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H-P Phone Record Ripping Was A Crime

California's Attorney General has determined that the H-P phone record ripping indeed violated state law.

While state Attorney General Bill Lockyer has determined Hewlett-Packard Co.'s clandestine investigation of its own board members violated the law, he says it's still unclear whether anyone will be prosecuted.
Lockyer said Thursday that the Palo Alto-based company's gumshoe tactics to root out the source of a media leak violated two California laws related to identity theft and illegal access to computer records.
The company has landed in a mounting legal and ethical debate for hiring a private investigation firm whose agents impersonated HP officials and journalists to get phone companies to hand over detailed records of home phone calls.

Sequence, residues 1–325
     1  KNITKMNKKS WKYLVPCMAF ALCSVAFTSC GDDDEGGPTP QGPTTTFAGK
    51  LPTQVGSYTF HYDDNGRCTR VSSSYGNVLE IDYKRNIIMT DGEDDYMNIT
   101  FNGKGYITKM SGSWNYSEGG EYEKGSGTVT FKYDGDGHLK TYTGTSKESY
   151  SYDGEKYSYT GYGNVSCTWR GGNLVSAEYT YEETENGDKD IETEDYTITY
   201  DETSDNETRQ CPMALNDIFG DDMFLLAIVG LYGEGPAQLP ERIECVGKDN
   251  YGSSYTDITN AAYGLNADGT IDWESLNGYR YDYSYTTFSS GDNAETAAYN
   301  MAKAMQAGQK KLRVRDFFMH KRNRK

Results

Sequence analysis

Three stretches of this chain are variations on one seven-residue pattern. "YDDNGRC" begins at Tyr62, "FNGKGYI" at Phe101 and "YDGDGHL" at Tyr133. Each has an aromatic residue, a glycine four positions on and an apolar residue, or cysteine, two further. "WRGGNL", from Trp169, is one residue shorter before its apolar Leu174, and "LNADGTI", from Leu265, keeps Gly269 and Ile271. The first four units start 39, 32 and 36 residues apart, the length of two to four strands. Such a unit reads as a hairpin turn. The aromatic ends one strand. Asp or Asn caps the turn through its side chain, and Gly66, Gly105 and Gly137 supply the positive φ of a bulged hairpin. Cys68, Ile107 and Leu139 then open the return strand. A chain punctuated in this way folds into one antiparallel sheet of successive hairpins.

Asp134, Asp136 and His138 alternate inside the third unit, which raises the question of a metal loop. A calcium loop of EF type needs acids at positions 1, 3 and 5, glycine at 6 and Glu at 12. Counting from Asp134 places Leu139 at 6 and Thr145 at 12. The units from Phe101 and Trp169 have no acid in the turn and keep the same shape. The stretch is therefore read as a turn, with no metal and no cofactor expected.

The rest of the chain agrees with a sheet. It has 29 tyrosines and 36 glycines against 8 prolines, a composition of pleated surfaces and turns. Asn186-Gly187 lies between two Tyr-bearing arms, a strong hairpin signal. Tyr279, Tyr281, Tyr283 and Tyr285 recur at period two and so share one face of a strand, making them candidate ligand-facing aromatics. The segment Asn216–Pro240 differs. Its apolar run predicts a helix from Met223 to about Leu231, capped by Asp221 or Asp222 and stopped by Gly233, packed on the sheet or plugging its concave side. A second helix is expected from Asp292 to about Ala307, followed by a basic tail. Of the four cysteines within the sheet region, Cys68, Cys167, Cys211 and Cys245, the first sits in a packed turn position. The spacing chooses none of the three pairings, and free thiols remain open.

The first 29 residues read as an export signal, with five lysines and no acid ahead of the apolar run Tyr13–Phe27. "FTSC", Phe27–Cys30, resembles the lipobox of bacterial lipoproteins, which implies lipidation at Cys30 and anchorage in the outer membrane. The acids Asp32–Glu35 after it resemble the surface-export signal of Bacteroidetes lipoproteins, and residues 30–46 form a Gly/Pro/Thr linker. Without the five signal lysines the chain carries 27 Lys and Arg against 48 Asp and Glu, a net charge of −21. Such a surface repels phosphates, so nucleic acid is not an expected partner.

But Lockyer said he has not decided whether the company or anyone acting on its behalf will face civil or criminal charges.
"The question was, was a crime committed? The answer is yes. Does that mean charges will result? Well, we haven't completed the investigation so we're not yet certain as to who committed the crime," Lockyer said in a phone interview

Criminal charges aside, surely Patty Dunn is going to have to take some responsibility for authorizing an investigation that wound up employing criminal tactics. Right?
Calif. AG: HP Tactics Violate State Laws [Associated Press in Forbes]